The entry of a deadly weapon in a judgment not only curtails a trial court's ability to order community supervision, it also affects a defendant's eligibility for parole.  Section 508.145(d) of the Texas Government Code states that “an inmate serving a sentence ․ for an offense for which the judgment contains an affirmative finding under Section 3g(a)(2) of [Article 42.12, Code of Criminal Procedure]” must serve a longer period, without consideration of good conduct time, before he may be released on parole.  Tex. Gov't.Code Ann. § 508.145(d) (West 2010).  For a trial court to enter a deadly-weapon finding in the judgment, the trier of fact must first make an “affirmative finding” to that effect.  Tex.Code Crim. Proc. Ann. art. 42.12 § 3g (a)(2) (West 2010).  Under the text of the statute, a trial court is authorized to enter a deadly-weapon finding in the following circumstances:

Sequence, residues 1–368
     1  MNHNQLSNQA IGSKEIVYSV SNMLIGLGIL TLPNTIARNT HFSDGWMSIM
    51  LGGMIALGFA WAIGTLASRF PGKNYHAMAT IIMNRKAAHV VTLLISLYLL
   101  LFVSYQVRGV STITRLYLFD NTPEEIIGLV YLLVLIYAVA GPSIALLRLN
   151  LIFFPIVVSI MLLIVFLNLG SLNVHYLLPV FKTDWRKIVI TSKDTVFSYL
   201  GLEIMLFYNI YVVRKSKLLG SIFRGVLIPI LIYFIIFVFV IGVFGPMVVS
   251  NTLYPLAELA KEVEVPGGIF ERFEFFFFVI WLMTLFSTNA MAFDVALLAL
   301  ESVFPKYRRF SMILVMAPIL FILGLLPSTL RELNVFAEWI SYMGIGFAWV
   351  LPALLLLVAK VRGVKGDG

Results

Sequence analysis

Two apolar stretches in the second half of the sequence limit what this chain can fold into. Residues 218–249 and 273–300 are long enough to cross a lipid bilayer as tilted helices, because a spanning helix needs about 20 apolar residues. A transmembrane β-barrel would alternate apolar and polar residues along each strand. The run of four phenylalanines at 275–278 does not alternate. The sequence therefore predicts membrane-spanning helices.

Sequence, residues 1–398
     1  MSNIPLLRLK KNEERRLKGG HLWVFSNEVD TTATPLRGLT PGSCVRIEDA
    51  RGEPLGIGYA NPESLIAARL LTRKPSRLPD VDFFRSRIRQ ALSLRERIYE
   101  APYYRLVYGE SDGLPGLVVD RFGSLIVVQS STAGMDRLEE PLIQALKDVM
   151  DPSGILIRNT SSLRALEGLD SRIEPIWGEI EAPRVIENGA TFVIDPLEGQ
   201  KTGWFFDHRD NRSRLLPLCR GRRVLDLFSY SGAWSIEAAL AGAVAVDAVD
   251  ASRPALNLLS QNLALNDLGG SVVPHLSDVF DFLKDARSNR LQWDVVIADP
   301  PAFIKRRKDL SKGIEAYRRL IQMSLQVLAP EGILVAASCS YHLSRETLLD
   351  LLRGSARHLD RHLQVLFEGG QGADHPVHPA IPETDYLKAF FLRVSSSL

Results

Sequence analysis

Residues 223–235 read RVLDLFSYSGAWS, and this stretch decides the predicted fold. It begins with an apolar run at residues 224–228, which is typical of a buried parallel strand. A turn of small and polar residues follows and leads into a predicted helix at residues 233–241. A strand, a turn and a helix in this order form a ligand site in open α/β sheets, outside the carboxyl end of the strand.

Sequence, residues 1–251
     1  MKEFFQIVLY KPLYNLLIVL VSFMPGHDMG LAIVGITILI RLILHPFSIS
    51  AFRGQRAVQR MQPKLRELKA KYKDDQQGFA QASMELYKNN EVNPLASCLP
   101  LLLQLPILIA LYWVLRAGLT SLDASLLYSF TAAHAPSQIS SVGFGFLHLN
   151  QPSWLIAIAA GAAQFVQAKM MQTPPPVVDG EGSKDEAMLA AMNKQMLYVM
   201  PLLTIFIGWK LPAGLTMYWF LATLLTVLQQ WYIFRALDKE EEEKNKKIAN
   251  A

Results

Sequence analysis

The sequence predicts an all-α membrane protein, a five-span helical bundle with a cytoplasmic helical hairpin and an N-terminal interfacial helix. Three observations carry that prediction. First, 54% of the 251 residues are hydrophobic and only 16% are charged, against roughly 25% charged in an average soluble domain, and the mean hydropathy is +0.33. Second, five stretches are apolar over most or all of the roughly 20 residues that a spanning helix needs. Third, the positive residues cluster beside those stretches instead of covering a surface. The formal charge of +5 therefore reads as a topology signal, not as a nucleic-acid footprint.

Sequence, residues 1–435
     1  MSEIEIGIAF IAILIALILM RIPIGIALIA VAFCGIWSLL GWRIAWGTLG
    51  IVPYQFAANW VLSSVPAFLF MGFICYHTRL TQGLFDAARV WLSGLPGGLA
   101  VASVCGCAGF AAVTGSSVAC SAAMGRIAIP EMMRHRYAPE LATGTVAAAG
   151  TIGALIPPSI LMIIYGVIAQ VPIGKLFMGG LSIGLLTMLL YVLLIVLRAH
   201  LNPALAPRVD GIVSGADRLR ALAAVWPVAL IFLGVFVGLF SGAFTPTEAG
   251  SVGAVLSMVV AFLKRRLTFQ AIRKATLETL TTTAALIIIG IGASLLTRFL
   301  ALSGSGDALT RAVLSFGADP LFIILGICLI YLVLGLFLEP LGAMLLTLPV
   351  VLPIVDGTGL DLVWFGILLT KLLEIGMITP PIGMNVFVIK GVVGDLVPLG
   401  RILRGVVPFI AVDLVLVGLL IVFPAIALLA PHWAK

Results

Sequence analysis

[W]hen it is shown that a deadly weapon as defined in Section 1.07, Penal Code, was used or exhibited during the commission of a felony offense or during immediate flight therefrom, and that the defendant used or exhibited the deadly weapon or was a party to the offense and knew that a deadly weapon would be used or exhibited.  On an affirmative finding under this subdivision, the trial court shall enter the finding in the judgment of the court.

Tex.Code Crim. Proc. Ann. art. 42.12 § 3g (a)(2) (West 2010).  As we explained in Polk v. State, the term “affirmative finding” means the trier of fact's express determination that a deadly weapon or firearm was actually used or exhibited during the commission of the offense.  693 S.W.2d 391 (Tex.Crim.App.1985).  Courts do not look to the facts of the case to “imply” an affirmative deadly-weapon finding;  we look to the charging instrument, the jury charge, and the jury verdict to evaluate the propriety of an entry of a deadly-weapon finding in the judgment.  Id. at 393–96.